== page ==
Here’s what arrived in last week’s box:
Tomatoes, lettuce, and garlic
Wondering what to do with pumpkin goat cheese? Try graham cracker sandwiches…
I also picked up a few things from the online store
The first night we made bruschetta. I chopped up the tomatoes and some garlic and cooked them in olive oil for about half an hour. Then I dumped the goat cheese (non-pumpkin variety) into a bowl with some olive oil and let that warm up by the stove. Then we spread the cheese and oil on some French bread slices, topped with the tomato mix, and put them under the broiler for a few minutes. It really needed some basil or Parmesan cheese but was still good. A sprinkle of finishing salt helped.
The goat cheese was on sale because it wasn’t super fresh. When you start getting fresh goat cheese, you learn it has different life stages. Basically, it goes through a gradual souring process that gives you plenty of warning. I had gotten the cheese to eat fresh in a sorrel salad, but after tasting it, I went with yummy bruschetta instead. I like how, with fresher food and some cooking experience, things aren’t either “fresh” or “bad.” There’s this whole psychologically healthier spectrum of “We can work with this.”
Better than it sounds. Basically I stemmed the chard and left the leaves for sautéing another day. Then I cut up the cauliflower into florets for steaming another day and reserved those stems. And I had some baby pac choi stems from last week. Here’s the all-local cast (except for the onion):
(Okay, so the shrimp’s not exactly local, but it is Georgia coast shrimp, and it did come from Farmers Fresh.)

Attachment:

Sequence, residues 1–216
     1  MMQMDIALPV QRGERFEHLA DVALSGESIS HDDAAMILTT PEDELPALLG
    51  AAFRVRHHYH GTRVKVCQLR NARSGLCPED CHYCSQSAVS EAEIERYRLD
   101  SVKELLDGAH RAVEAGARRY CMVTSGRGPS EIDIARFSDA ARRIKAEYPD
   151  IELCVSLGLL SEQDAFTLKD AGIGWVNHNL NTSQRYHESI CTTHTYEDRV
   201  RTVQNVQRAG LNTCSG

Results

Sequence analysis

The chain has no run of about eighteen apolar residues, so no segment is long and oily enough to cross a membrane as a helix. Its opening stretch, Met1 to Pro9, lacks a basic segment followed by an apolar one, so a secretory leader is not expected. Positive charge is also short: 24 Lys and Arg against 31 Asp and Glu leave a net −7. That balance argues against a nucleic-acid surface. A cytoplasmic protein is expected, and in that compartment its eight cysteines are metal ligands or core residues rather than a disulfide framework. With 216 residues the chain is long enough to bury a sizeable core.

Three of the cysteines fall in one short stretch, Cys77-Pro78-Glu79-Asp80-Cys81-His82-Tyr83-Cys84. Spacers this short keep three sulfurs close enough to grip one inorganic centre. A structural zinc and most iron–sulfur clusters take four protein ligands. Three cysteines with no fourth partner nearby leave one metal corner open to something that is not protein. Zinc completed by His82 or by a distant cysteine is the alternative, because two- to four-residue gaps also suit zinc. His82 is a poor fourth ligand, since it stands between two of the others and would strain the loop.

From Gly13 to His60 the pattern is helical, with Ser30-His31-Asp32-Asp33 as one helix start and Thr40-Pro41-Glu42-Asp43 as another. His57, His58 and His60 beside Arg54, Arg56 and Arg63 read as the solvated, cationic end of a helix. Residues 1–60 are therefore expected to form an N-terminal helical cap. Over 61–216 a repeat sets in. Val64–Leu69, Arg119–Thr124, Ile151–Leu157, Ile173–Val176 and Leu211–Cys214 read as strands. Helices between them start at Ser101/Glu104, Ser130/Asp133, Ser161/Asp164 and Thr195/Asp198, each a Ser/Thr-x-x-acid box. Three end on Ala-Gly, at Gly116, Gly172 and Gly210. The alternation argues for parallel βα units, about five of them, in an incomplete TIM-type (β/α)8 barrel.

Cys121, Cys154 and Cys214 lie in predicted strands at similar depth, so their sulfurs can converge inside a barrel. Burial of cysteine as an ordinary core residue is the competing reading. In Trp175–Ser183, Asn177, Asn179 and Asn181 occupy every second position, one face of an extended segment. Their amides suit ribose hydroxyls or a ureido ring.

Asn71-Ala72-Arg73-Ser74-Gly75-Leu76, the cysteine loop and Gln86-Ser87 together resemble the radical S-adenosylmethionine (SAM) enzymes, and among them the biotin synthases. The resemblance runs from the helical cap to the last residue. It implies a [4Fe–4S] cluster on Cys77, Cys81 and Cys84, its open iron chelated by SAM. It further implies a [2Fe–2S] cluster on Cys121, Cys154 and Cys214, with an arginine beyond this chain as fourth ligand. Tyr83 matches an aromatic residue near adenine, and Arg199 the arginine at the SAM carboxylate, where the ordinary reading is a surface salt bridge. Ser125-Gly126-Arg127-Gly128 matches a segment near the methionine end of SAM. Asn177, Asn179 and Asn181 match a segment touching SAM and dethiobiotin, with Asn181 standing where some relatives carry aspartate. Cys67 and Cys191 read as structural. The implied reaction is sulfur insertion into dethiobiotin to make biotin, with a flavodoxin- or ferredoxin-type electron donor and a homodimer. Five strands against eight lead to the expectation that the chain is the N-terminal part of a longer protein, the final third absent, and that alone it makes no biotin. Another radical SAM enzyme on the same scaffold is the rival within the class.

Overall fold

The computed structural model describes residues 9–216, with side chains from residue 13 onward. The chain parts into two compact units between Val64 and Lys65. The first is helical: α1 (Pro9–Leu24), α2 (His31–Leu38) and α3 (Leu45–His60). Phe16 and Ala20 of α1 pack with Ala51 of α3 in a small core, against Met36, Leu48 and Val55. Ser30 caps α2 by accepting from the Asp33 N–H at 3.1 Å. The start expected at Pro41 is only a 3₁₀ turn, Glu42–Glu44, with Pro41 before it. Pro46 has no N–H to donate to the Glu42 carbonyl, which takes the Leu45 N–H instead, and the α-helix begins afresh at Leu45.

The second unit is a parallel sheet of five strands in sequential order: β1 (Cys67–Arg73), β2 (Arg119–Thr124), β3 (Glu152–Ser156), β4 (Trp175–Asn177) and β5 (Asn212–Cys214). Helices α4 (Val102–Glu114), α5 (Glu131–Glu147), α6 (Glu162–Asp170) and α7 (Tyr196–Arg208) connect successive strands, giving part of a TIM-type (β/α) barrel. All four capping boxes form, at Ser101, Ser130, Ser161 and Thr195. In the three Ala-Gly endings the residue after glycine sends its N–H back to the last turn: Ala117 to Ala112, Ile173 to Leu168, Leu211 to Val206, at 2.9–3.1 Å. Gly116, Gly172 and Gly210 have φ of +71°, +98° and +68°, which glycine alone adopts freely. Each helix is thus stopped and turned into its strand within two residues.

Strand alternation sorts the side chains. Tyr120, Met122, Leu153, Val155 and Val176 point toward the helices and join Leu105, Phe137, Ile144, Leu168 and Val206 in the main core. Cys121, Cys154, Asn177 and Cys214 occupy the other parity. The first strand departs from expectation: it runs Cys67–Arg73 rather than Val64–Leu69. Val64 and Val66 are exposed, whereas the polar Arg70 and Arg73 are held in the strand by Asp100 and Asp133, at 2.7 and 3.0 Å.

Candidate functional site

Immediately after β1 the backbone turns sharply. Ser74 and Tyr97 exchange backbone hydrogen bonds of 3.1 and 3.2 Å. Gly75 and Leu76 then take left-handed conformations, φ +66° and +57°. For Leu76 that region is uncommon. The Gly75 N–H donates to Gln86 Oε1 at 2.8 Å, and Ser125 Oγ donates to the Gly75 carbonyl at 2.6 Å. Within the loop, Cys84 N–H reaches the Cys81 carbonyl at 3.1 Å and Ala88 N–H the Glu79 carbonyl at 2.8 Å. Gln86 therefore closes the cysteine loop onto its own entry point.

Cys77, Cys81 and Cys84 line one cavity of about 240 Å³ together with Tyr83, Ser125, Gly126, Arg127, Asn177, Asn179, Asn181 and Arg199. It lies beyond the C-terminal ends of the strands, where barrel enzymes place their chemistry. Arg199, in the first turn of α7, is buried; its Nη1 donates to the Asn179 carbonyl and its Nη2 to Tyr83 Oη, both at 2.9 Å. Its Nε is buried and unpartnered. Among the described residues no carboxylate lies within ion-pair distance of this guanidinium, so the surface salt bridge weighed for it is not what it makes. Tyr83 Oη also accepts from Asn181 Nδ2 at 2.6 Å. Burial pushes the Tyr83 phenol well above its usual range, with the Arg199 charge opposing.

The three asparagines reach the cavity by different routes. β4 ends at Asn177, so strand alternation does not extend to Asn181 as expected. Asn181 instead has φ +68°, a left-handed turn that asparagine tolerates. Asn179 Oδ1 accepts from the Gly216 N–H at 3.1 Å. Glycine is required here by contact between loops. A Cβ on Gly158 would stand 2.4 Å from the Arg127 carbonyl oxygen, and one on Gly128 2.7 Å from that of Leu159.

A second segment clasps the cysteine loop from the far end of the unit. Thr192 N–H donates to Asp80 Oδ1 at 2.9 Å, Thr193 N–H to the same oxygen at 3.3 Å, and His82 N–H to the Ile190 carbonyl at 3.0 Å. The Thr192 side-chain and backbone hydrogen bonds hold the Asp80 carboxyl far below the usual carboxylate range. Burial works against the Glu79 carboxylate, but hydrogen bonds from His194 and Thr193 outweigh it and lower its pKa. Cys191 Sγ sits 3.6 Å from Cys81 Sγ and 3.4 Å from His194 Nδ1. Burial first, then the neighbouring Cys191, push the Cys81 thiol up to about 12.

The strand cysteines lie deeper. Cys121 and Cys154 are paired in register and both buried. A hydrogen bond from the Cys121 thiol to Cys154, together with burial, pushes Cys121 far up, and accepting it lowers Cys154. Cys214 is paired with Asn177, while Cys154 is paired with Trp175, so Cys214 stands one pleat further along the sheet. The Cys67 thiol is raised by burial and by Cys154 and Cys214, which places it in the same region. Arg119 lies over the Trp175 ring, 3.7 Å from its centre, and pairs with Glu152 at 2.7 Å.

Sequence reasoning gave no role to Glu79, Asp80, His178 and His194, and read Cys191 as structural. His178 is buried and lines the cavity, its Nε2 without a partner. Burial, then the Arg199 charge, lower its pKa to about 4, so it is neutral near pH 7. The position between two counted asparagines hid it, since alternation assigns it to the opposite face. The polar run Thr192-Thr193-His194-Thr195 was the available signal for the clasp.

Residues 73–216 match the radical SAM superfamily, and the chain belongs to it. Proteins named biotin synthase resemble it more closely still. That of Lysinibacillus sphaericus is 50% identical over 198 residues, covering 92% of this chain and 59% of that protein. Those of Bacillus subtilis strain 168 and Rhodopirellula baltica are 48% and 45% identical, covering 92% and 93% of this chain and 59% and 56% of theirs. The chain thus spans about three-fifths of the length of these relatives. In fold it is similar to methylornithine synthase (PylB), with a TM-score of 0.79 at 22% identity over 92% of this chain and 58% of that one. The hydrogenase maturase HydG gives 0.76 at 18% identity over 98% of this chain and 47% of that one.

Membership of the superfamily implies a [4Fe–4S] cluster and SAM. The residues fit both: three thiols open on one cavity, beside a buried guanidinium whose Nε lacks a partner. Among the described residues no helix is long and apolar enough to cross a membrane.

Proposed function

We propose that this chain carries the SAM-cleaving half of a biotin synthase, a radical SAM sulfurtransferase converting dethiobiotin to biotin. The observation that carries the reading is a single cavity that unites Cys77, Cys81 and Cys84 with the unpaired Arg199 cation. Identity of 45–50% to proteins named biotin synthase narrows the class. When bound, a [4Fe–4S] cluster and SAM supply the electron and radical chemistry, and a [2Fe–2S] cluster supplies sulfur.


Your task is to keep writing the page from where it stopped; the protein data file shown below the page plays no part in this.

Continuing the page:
I didn’t have leftover rice, so I started cooking some rice grits. Then I ended up adding the rice grits. So it wasn’t fried rice, and it wasn’t stir-fried stuff over rice. More than anything, it was Asian gumbo.
Sausage-kohlrabi hash pockets
We made this up last night, and it worked well for a winter supper.
- Slice up the kohlrabi and some garlic. Sauté in olive oil or butter for a few minutes and then let cook on low for about fifteen minutes. Add mustard, white wine, and/or a splash of nice vinegar at some point.
- Half two pieces of pita bread and stick them in a slow oven to toast a little.
- Cook bulk sausage in another pan and then add to kohlrabi. Deglaze sausage drippings with more wine.
- Cook a little bit longer and then stuff into toasted pita pockets. Serve with lettuce and carrots.
If you’re like us, cauliflower has always been the non-vegetable: colorless, tasteless, and mushy. Local cauliflower is different, though. There’s such a thing as cauliflower flavor. The best way to try it out is just to steam florets. They take a little longer than broccoli – maybe seven minutes? Just keep testing with a fork. They should be easy to pierce, but not mushy.
Try them with nothing first and then add salt or seasoning. Or Hollandaise sauce….
Enjoy your food!